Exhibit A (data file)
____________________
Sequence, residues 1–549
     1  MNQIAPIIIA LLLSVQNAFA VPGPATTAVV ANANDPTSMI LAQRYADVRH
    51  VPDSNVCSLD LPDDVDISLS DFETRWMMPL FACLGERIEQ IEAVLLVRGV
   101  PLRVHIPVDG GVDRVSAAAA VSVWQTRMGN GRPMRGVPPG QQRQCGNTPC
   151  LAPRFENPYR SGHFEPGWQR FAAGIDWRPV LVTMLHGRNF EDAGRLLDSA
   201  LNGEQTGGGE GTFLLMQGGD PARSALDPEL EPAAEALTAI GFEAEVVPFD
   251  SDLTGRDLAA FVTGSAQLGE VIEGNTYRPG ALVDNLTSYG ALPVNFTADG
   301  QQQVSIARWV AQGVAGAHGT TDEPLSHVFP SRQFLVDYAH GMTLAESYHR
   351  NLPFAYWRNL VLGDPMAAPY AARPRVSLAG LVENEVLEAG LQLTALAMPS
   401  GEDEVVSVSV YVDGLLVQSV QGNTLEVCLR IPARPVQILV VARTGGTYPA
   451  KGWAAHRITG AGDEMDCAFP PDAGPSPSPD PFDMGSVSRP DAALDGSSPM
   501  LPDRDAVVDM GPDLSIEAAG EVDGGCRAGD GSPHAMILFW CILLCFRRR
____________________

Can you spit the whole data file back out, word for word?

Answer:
Sequence, residues 1–549
     1  MNQIAPIIIA LLLSVQNAFA VPGPATTAVV ANANDPTSMI LAQRYADVRH
    51  VPDSNVCSLD LPDDVDISLS DFETRWMMPL FACLGERIEQ IEAVLLVRGV
   101  PLRVHIPVDG GVDRVSAAAA VSVWQTRMGN GRPMRGVPPG QQRQCGNTPC
   151  LAPRFENPYR SGHFEPGWQR FAAGIDWRPV LVTMLHGRNF EDAGRLLDSA
   201  LNGEQTGGGE GTFLLMQGGD PARSALDPEL EPAAEALTAI GFEAEVVPFD
   251  SDLTGRDLAA FVTGSAQLGE VIEGNTYRPG ALVDNLTSYG ALPVNFTADG
   301  QQQVSIARWV AQGVAGAHGT TDEPLSHVFP SRQFLVDYAH GMTLAESYHR
   351  NLPFAYWRNL VLGDPMAAPY AARPRVSLAG LVENEVLEAG LQLTALAMPS
   401  GEDEVVSVSV YVDGLLVQSV QGNTLEVCLR IPARPVQILV VARTGGTYPA
   451  KGWAAHRITG AGDEMDCAFP PDAGPSPSPD PFDMGSVSRP DAALDGSSPM
   501  LPDRDAVVDM GPDLSIEAAG EVDGGCRAGD GSPHAMILFW CILLCFRRR